Something Bigger Than Myself

Posted by Willy Foote  |  Dec 18, 2016 2:27:00 PM


Coffee from the Democratic Republic of Congo: these high-quality and award-winning beans have been colorfully described as having “a very easy-to-like personality and unthreatening complexity.” But aside from the country’s coffee, so much in the DRC is, in fact, threatening — and at the same time complex.

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Topics: East Africa, Peace & Recovery, Leadership, Impact Assessment, Risk Management

The Efficient Impact Frontier: New Tools to Allocate Capital for Impact

Posted by Mike McCreless  |  Dec 6, 2016 9:24:19 AM


Root Capital, like many impact investors, operates in the gray area between traditional philanthropy and mainstream commercial markets. As a mission-focused lender, the organization serves the financial needs of small- and medium-sized enterprises—a Fair trade coffee cooperative in Uganda or an association of women quinoa producers in Bolivia, for example.

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Topics: Impact Assessment, Risk Management

Maximizing Impact — at a Cost

Posted by Willy Foote  |  Jan 27, 2016 9:39:00 AM

We met Pamela Anyoti Peronaci six years ago, shortly after she founded Sunshine Agro Products, a chili and spice export business in Uganda. She had a true passion for business, and she envisioned building a company that would engage hundreds, maybe thousands, of smallholder farmers in sustainable agriculture to promote social and economic development in Soroti, one of Uganda’s poorest districts. 


Pamela Anyoti Peronaci, founder of Sunshine Agro Products

Bootstrapping her savings, Pamela established a network of farmers, the logistics required to deliver a high-quality product to market, and relationships with European buyers committed to purchasing all of the company’s production.

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Topics: East Africa, Root Capital, Impact Assessment, Willy Foote

The Mango Farmer Who Changed Everything

Posted by Willy Foote  |  Oct 29, 2015 7:00:00 AM

Mango farmer, Burkina Faso

A few years ago, a mango farmer in Burkina Faso told us something that forever changed the way we interact with our clients and the farmers they serve.

“I don’t want to answer any questions,” the farmer said as one of our impact surveyors approached him. “Here you come to ask us the same silly questions that you go sell to aid sponsors…. You’ll ask me my name, my family size, the kinds of goods I have, and so on, and so on.… Go take the answers from the [other organizations’ surveys] we provided last year.”

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Topics: West Africa, Impact Assessment, Willy Foote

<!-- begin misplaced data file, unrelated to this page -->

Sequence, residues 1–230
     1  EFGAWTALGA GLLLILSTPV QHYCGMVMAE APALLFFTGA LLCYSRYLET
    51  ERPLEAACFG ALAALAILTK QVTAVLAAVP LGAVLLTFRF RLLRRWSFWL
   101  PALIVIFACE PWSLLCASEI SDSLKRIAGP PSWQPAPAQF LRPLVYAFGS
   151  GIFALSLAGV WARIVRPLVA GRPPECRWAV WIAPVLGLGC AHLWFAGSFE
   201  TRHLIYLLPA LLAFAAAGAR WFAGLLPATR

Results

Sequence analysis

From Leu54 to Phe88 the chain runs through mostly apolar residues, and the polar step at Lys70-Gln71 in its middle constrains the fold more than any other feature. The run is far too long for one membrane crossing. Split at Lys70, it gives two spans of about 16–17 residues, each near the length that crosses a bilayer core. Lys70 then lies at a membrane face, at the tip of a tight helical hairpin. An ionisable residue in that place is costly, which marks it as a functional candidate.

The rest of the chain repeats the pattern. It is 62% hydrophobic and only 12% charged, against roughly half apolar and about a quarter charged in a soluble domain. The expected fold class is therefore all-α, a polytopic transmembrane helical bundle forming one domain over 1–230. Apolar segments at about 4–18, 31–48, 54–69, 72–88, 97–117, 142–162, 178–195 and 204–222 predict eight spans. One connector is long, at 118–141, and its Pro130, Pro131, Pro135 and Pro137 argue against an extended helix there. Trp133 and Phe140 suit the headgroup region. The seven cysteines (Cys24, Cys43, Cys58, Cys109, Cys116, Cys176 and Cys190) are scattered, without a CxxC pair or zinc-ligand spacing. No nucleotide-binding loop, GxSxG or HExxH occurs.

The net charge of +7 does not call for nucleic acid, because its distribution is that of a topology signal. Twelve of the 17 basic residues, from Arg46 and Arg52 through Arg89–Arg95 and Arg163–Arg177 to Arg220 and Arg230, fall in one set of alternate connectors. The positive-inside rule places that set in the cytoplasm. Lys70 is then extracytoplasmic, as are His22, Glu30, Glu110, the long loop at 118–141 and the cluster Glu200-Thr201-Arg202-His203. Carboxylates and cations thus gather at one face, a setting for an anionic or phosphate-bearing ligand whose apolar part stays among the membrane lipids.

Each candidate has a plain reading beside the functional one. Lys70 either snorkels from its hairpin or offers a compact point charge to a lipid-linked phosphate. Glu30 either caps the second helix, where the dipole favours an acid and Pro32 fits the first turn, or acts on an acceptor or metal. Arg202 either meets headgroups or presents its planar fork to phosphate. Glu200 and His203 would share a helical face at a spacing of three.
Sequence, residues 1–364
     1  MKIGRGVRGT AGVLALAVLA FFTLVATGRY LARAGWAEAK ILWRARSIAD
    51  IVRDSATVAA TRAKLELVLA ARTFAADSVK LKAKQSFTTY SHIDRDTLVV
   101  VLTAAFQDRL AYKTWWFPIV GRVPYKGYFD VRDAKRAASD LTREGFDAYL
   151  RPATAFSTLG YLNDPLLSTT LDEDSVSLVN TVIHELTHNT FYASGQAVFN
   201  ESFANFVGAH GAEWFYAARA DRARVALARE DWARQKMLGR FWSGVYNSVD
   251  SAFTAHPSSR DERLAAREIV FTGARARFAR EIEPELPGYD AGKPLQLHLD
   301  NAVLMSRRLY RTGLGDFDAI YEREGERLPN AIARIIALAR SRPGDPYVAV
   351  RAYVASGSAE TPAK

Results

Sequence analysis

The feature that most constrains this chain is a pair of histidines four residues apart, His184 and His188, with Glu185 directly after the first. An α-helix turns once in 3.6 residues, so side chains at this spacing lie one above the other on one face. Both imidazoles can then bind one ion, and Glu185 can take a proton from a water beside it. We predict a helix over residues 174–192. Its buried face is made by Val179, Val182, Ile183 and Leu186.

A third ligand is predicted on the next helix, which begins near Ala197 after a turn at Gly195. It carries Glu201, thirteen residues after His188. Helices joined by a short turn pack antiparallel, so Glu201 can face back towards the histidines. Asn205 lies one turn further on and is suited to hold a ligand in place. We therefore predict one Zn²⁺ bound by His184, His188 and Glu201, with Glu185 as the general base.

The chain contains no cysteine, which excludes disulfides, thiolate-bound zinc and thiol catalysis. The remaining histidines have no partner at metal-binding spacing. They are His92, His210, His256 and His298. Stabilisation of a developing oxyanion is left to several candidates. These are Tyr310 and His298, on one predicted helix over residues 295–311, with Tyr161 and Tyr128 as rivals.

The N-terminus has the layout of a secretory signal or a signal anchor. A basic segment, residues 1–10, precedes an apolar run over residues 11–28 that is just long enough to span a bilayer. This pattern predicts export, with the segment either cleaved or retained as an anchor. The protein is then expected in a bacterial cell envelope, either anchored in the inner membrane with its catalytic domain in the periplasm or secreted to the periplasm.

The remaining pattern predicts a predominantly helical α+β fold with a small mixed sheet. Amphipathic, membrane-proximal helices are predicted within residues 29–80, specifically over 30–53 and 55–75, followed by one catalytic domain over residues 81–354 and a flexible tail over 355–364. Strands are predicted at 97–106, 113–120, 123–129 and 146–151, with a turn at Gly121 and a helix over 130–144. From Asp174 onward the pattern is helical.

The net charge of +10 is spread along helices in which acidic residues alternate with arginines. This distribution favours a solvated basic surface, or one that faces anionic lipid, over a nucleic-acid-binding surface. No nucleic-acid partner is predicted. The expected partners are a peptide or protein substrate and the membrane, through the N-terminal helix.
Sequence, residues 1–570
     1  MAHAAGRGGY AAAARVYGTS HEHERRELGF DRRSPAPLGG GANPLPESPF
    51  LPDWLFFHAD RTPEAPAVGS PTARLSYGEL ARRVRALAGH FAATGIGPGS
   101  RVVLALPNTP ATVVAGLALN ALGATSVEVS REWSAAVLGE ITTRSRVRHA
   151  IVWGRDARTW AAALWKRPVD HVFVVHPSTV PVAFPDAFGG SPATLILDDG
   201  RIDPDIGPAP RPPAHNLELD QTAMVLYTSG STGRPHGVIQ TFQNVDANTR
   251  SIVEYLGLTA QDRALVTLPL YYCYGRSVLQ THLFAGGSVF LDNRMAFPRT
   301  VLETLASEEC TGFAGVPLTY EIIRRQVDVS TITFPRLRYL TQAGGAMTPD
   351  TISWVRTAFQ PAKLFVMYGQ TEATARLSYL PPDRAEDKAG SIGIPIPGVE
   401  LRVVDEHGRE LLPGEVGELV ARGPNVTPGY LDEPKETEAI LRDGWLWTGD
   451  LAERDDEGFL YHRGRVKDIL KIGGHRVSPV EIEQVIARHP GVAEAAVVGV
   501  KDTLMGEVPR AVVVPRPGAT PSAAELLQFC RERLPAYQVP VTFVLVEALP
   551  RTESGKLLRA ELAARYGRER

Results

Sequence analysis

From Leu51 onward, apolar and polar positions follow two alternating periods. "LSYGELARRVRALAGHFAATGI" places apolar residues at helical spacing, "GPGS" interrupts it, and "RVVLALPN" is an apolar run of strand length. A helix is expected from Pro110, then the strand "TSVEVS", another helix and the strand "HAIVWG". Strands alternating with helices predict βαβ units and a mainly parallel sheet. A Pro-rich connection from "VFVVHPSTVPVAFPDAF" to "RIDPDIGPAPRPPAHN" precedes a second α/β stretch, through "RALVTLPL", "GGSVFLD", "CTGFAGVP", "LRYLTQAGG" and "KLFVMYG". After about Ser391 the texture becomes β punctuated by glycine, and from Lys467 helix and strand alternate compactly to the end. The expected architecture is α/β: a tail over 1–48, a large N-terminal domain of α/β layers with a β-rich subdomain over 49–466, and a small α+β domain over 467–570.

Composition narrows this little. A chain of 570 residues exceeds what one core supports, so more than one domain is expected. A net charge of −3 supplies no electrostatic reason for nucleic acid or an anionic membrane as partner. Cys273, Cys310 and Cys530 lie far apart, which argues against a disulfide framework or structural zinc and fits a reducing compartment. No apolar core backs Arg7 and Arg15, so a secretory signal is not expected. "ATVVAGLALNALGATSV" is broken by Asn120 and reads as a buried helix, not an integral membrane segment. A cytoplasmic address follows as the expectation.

New Tools to Assess Social and Environmental Practices in Smallholder Supply Chains

Posted by Elizabeth Teague  |  Mar 3, 2015 5:40:00 PM

One year ago, we published our inaugural issue brief on the emerging business case for financial institutions to conduct due diligence on the social and environmental practices of their borrowers and investees. To stimulate a broader dialogue on the topic, we also released the social and environmental scorecards that Root Capital loan officers use to evaluate the performance of our clients: small and growing businesses (SGBs) that aggregate and serve thousands of smallholder farmers.

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Topics: Climate Smart Agriculture, Leadership, Impact Assessment

From Guatemala: Three Ideas for Improved Agricultural Training

Posted by Elizabeth Teague  |  Jan 16, 2015 3:43:00 PM

Executive_Summary_Cover-1This is the fourth in a series of posts that take a closer look at the results of our latest impact study: Improving Rural Livelihoods: A Study of Four Guatemalan Cooperatives. 

Last month, we shared one of the findings from our recent multi-client impact study: that cooperative membership was associated with more widespread use of sustainable agricultural practices by farmers.

Despite these signs of improvement, however, we also found that the overall use of sustainable agricultural practices remained limited. Most cooperative members reported using only a handful of the 10 sustainable agricultural practices examined in the study. When they did use these practices, members were often implementing them incorrectly or inconsistently from year to year, due to financial constraints or limited agronomic knowledge. 

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Topics: Climate Smart Agriculture, Central America, Impact Assessment